Derek Fisher continued to struggle offensively, shooting 1-5 in the first half alone and not being able to keep up defensively with the youth and flash that Jeremy Lin brought to each play. Matt Barnes was a leading factor to why the Lakers ended the half only being down by a single digit margin, sporting seven points of his own with four rebounds and several big defensive plays to keep the Knicks surging offense in check. Los Angeles had a lot to discuss at half time if they were wanting to compete with the Knicks in the second half, as the Knicks finished the half ahead, 49-41.

Third Quarter

If the Lakers were looking to head out of New York with a win, they simply needed to start making the baskets from the opportunities they were creating for themselves, and they were needing to pair someone with Lin who could handle his offensive speed. They were also had to look to get Bynum in the game. Andrew Bynum’s stats in the first half looked as if he was on the bench for about 20 minutes, scoring only one basket, not getting himself to the free throw line and having two points to show for it. A lot of things were dying for improvement in the second half, but considering how poorly L.A. played in the first, all they could really do is improve.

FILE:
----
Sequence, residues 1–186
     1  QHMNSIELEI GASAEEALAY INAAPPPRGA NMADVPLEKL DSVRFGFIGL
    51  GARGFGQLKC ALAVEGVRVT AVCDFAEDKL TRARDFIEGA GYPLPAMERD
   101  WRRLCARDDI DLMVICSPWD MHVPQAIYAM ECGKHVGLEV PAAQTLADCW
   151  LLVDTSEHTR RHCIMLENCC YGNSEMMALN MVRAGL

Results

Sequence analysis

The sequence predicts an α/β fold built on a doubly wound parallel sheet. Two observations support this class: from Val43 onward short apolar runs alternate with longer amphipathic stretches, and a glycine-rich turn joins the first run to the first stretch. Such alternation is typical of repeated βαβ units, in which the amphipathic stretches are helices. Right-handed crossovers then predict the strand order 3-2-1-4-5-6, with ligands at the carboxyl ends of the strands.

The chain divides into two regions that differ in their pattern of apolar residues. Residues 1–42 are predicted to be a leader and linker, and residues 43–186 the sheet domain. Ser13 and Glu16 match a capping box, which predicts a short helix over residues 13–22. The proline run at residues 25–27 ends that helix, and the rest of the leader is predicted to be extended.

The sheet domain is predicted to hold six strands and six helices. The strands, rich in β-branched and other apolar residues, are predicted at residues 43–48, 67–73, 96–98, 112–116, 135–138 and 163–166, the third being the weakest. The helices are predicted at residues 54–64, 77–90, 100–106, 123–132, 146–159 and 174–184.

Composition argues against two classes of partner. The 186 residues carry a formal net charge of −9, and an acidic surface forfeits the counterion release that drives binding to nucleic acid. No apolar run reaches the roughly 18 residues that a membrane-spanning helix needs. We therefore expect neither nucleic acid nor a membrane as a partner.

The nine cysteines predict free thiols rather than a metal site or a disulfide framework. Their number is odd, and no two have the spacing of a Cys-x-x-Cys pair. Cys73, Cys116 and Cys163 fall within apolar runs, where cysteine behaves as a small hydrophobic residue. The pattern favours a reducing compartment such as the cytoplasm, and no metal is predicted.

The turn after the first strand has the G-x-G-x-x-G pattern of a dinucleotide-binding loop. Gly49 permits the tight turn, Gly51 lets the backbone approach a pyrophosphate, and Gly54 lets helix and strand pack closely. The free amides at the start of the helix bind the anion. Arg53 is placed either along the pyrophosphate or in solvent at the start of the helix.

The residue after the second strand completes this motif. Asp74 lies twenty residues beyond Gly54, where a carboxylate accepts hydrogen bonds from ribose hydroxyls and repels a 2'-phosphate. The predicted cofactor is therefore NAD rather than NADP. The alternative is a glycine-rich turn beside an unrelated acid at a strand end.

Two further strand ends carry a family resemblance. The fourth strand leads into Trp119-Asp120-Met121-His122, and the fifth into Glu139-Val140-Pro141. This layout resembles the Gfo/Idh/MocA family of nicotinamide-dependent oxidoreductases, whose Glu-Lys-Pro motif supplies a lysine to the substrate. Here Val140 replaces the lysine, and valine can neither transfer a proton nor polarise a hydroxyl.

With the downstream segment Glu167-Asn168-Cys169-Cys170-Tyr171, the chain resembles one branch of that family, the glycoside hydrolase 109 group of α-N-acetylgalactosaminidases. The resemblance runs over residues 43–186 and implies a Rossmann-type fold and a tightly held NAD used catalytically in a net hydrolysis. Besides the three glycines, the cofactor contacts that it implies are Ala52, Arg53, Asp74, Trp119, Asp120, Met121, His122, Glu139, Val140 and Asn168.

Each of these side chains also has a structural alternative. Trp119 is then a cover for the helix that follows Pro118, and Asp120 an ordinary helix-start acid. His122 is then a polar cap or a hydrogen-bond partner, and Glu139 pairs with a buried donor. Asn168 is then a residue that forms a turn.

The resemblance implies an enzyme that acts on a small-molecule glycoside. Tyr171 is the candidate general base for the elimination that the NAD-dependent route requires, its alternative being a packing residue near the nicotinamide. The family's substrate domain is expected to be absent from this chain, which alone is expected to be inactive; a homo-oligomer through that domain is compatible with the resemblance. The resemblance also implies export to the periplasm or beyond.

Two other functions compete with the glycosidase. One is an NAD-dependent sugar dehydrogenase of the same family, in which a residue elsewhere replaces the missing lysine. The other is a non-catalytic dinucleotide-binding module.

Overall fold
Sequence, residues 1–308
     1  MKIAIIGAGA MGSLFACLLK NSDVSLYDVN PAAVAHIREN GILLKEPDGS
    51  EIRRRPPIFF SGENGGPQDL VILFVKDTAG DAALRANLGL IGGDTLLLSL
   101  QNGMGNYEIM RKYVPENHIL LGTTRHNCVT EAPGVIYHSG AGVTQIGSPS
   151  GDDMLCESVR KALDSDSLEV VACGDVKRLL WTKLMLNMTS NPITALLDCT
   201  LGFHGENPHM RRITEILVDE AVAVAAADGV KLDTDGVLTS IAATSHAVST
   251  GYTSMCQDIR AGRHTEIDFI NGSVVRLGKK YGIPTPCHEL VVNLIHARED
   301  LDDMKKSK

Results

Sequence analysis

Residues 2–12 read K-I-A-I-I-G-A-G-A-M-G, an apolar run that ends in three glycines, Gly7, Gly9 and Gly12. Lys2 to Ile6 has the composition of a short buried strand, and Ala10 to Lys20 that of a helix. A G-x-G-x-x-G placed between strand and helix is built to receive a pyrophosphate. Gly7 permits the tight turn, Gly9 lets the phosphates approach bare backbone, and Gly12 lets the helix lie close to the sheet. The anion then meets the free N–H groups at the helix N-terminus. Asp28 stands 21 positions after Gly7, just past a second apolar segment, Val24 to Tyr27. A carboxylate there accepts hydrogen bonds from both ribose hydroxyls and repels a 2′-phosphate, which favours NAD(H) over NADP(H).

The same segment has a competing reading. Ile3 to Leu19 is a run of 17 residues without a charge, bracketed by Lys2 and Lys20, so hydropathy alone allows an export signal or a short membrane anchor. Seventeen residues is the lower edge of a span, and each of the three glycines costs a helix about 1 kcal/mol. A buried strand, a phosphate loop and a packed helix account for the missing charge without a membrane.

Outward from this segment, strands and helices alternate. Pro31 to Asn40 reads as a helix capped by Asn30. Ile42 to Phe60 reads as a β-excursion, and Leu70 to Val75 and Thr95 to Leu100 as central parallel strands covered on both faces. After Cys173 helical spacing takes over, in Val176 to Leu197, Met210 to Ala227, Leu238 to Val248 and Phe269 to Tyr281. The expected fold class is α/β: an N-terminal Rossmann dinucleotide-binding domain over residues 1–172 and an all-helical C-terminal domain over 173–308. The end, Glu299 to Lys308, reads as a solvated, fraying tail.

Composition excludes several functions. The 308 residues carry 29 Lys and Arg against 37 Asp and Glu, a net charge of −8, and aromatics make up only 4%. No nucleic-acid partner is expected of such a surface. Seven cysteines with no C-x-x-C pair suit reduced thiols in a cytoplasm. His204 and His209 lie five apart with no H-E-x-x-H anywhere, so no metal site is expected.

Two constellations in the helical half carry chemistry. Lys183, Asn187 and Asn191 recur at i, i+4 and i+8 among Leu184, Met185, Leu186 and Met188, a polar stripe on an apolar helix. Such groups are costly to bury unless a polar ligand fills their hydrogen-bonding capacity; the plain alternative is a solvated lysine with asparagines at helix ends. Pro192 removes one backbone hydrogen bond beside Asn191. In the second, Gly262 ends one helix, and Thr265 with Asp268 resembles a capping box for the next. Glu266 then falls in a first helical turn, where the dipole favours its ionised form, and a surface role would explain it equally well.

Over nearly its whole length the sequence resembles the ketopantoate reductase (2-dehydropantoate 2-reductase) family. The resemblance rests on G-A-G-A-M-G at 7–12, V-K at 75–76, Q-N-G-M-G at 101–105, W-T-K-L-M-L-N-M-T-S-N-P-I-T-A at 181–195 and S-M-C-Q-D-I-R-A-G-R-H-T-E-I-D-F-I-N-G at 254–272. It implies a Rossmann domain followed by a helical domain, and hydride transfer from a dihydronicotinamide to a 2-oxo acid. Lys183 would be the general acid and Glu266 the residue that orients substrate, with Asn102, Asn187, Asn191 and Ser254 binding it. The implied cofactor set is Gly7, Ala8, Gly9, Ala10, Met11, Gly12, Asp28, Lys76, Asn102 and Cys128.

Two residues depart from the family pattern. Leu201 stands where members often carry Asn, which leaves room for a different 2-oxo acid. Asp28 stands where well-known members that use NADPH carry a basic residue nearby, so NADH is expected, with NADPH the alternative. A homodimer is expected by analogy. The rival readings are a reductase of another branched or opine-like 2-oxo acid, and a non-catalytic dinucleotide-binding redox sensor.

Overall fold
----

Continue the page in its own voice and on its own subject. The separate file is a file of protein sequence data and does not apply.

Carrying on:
The Knicks opened up the half with better offensive movement and tenacity to get every ball, blowing the Lakers out of the water within the first couple of minutes. Kobe Bryant continued missing the shots he seemed have no issue with the night before, stooping as low as 1-10 from the field. A loss of composure from Metta World Peace added another thing to the Lakers list of woes, committing two fouls within two plays and quickly putting the Knicks in the bonus.

Kobe Bryant began getting back on track, making back to back baskets for the Lakers and igniting the spark they had seemed to be missing since overtime in Boston the night before. A 23 foot three point jumper from Steve Blake brought L.A. back within four, their closest of the game. Bryant had a total of 10 points in the third quarter alone, accompanied by Blake’s four, to look to outshine the effort the Knicks had been showing off the whole game. It seemed to work, as the Lakers outscored the Knicks for the first time in a quarter in the third, 19-17. Los Angeles needed to continue this spurt of effort in the fourth quarter if they were looking to get another road win, while the Knicks finished the quarter once again on top, 66-60.